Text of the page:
Mein Kampf: To print or not to print?

Mein Kampf: To print or not to print?

David Wroe, in Berlin for the Daily Telegraph, reports that the Zentralrat der Juden in Deutschland (Central Council of Jews in Germany) supports historians and others who wish for Mein Kampf to be made available for publication within Germany.  Read the whole article for details, but the gist is this: the copyright, owned by the State of Bavaria (which has always refused publication), runs out in 2015.  Were Bavaria to fail in its legal bid to renew the coyright, the book would become available for anybody to publish.  “Anybody” here most especially means right-wing organizations, obscure neo-nazi publishers, etc.  They are those most likely to profit as they would no doubt publish special, celebratory editions.  The Zentralrat, in addition to some historians, argues that Bavaria — while it still has control — should allow the publication of scholarly editions of the infamous book.  Such editions might include, for example, footnotes which rebut some of the original author’s claims.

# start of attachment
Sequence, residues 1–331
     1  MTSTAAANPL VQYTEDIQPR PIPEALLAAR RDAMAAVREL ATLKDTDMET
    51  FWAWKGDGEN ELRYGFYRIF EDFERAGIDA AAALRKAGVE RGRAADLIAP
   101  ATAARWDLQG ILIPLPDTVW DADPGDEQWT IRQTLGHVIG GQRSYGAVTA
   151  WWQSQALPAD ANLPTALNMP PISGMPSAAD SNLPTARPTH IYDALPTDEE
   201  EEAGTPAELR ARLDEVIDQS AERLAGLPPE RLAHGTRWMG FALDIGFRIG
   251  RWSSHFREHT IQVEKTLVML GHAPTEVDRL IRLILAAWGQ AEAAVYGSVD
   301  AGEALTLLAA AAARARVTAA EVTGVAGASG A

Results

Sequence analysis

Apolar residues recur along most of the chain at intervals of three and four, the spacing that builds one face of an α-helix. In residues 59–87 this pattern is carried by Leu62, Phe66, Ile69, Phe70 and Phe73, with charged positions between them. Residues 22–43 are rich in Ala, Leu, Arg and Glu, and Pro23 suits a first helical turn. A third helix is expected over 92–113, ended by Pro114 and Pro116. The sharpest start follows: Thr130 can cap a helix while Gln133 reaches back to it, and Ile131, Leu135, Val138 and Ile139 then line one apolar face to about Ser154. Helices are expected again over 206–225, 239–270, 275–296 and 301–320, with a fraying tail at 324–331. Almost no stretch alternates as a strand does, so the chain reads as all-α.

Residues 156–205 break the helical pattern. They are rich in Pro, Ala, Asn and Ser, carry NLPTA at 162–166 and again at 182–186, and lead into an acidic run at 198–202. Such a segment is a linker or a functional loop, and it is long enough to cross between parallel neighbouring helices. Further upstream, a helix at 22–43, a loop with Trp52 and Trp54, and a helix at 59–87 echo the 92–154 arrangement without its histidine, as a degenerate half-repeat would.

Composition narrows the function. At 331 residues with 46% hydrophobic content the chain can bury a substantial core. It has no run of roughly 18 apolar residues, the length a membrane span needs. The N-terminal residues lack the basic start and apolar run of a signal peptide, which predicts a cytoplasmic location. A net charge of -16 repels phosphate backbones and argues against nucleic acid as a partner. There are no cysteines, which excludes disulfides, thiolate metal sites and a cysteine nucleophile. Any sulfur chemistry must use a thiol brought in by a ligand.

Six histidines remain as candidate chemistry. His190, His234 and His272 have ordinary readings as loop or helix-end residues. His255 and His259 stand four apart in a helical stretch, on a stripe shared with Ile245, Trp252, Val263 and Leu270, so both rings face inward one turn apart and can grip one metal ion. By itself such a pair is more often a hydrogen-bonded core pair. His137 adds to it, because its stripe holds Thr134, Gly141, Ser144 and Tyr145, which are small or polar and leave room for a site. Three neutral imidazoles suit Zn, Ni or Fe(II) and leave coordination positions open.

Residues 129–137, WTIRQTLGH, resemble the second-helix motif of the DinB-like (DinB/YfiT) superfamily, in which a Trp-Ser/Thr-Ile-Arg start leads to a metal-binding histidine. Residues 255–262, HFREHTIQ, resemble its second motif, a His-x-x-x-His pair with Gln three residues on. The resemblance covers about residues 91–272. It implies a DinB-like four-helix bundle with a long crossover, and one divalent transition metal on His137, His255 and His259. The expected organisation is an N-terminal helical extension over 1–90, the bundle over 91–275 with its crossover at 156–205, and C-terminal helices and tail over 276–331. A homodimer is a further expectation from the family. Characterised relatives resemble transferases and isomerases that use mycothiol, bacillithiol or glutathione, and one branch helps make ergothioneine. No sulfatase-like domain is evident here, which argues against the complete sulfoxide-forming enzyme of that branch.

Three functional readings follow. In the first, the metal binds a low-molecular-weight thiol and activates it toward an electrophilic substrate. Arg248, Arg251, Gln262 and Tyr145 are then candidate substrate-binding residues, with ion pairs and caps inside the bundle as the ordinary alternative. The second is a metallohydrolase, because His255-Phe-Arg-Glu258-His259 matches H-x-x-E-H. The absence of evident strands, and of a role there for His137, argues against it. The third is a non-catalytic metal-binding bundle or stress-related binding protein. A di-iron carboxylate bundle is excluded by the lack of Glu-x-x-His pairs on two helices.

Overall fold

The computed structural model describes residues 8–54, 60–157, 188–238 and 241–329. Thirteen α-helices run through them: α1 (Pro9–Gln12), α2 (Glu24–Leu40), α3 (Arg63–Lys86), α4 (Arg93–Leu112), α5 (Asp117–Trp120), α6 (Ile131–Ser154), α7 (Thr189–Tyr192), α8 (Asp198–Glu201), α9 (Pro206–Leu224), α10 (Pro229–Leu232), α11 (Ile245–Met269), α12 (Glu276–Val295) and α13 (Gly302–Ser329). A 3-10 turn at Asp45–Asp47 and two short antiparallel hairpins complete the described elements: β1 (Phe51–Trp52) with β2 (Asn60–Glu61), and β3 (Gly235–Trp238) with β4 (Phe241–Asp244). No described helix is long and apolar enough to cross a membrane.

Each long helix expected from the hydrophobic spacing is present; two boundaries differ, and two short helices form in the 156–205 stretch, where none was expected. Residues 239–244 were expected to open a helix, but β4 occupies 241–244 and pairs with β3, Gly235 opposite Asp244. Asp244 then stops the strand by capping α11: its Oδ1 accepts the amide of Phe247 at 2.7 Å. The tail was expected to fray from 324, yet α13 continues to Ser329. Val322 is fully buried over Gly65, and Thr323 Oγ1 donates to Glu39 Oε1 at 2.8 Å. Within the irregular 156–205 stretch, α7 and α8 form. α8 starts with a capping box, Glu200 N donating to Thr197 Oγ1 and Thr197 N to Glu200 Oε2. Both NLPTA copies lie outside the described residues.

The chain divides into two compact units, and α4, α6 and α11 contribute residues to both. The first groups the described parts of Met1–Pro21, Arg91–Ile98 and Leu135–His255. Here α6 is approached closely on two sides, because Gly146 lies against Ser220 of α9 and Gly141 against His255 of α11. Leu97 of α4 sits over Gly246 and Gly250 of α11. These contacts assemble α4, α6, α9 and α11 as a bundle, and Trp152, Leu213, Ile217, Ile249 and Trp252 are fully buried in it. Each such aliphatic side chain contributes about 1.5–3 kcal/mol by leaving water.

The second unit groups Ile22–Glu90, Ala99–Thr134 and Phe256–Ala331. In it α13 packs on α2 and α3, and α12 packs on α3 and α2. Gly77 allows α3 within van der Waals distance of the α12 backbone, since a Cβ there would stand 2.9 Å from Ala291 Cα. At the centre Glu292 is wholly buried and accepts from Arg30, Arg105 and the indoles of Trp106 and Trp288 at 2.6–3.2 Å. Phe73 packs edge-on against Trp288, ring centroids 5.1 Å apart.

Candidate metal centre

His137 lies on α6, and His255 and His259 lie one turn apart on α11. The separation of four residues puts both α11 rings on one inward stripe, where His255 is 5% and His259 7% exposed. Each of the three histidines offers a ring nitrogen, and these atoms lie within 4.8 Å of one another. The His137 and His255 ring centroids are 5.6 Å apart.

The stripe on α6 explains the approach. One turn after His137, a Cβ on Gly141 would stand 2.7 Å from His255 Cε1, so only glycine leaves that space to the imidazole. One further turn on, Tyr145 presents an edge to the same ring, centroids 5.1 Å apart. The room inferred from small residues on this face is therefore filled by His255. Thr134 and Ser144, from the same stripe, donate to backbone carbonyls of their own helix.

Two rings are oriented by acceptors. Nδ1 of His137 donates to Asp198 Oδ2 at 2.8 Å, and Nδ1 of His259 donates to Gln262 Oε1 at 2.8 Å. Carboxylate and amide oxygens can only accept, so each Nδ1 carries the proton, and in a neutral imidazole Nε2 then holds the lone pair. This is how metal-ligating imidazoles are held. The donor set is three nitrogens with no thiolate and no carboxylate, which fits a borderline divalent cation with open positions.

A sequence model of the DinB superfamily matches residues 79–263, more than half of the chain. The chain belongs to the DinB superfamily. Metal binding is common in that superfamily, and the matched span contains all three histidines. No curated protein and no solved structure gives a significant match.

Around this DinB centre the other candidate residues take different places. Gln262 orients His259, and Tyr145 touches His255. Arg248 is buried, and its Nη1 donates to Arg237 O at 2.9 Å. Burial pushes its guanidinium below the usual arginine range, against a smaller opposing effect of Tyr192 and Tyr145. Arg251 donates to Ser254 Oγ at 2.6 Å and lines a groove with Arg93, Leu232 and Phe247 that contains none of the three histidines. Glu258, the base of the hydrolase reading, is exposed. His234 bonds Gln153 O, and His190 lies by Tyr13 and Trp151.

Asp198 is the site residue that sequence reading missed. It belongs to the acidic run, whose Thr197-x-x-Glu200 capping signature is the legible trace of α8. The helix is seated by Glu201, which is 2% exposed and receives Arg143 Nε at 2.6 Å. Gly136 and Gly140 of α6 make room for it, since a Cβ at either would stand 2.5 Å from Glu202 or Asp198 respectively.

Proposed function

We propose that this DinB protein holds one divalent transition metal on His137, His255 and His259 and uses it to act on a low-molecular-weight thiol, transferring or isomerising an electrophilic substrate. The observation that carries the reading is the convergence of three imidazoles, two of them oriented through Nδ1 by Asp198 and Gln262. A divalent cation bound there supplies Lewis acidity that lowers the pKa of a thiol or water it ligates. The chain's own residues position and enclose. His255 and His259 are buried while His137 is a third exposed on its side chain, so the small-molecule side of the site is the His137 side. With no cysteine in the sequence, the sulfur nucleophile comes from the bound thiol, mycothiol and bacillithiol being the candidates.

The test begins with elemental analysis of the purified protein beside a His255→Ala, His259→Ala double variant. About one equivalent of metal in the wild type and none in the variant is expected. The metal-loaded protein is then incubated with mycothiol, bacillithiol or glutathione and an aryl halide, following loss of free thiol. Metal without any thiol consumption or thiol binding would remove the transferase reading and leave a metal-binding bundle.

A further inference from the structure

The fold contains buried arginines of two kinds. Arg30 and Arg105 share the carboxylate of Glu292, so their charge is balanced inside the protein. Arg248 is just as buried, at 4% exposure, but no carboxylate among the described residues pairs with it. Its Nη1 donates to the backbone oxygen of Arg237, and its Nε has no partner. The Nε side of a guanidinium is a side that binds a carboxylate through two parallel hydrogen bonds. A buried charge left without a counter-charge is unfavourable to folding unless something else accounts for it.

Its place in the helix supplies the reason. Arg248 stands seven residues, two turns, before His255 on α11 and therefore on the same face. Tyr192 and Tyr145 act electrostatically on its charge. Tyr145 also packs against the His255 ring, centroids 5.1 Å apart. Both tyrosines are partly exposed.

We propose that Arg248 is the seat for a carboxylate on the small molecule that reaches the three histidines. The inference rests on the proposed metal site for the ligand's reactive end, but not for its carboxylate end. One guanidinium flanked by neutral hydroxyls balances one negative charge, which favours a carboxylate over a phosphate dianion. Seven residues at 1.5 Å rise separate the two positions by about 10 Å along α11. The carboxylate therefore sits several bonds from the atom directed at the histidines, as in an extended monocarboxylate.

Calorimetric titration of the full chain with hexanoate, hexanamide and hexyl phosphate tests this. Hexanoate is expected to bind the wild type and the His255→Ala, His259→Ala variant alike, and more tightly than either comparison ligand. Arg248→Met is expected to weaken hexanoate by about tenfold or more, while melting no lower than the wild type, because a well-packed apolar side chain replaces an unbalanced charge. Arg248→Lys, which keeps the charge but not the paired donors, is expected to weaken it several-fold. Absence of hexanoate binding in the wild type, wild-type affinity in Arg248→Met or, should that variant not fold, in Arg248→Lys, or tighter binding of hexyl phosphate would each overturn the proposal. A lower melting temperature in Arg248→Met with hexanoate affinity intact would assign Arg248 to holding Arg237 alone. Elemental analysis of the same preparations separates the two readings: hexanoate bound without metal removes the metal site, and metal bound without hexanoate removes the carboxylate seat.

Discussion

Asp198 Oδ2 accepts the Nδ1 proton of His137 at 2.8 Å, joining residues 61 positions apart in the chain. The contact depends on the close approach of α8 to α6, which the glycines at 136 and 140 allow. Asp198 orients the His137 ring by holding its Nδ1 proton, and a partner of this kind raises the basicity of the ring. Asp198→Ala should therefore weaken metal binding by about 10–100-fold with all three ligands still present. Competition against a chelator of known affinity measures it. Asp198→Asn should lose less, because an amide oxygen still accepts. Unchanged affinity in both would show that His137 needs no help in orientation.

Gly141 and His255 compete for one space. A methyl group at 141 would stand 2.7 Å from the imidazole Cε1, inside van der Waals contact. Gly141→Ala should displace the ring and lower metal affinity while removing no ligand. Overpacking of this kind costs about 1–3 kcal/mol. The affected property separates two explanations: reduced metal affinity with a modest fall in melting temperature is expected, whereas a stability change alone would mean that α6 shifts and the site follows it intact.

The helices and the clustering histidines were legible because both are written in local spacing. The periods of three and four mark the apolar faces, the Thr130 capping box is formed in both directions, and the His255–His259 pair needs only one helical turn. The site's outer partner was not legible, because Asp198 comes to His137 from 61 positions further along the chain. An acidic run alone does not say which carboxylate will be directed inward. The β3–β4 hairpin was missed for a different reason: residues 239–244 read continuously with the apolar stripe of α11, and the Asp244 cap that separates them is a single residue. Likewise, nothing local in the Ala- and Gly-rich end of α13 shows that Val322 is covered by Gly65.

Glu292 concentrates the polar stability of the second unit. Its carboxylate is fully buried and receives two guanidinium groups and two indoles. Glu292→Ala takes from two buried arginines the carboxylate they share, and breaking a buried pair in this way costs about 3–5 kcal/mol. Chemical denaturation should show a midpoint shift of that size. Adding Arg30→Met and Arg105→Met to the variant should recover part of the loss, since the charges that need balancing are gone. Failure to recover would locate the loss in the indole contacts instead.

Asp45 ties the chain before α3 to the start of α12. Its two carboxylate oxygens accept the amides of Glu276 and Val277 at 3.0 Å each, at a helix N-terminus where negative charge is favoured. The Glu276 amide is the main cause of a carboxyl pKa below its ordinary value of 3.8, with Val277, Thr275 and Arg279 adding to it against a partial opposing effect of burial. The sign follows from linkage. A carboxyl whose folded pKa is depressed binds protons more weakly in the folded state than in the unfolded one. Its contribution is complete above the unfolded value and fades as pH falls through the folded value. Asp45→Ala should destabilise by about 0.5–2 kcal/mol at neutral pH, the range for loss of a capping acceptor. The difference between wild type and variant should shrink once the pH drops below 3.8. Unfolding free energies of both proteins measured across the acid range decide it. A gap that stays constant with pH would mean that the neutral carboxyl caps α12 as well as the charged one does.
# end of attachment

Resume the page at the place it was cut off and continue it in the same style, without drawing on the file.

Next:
What do you think?  Should publication of the full german-language text of Mein Kampf be allowed in Germany?

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About the Author

Bill Dawson is an American citizen who, having married an Austrian, lives and works in Vienna, Austria. A programmer by trade, he studied history as an undergraduate at the University of California, Berkeley.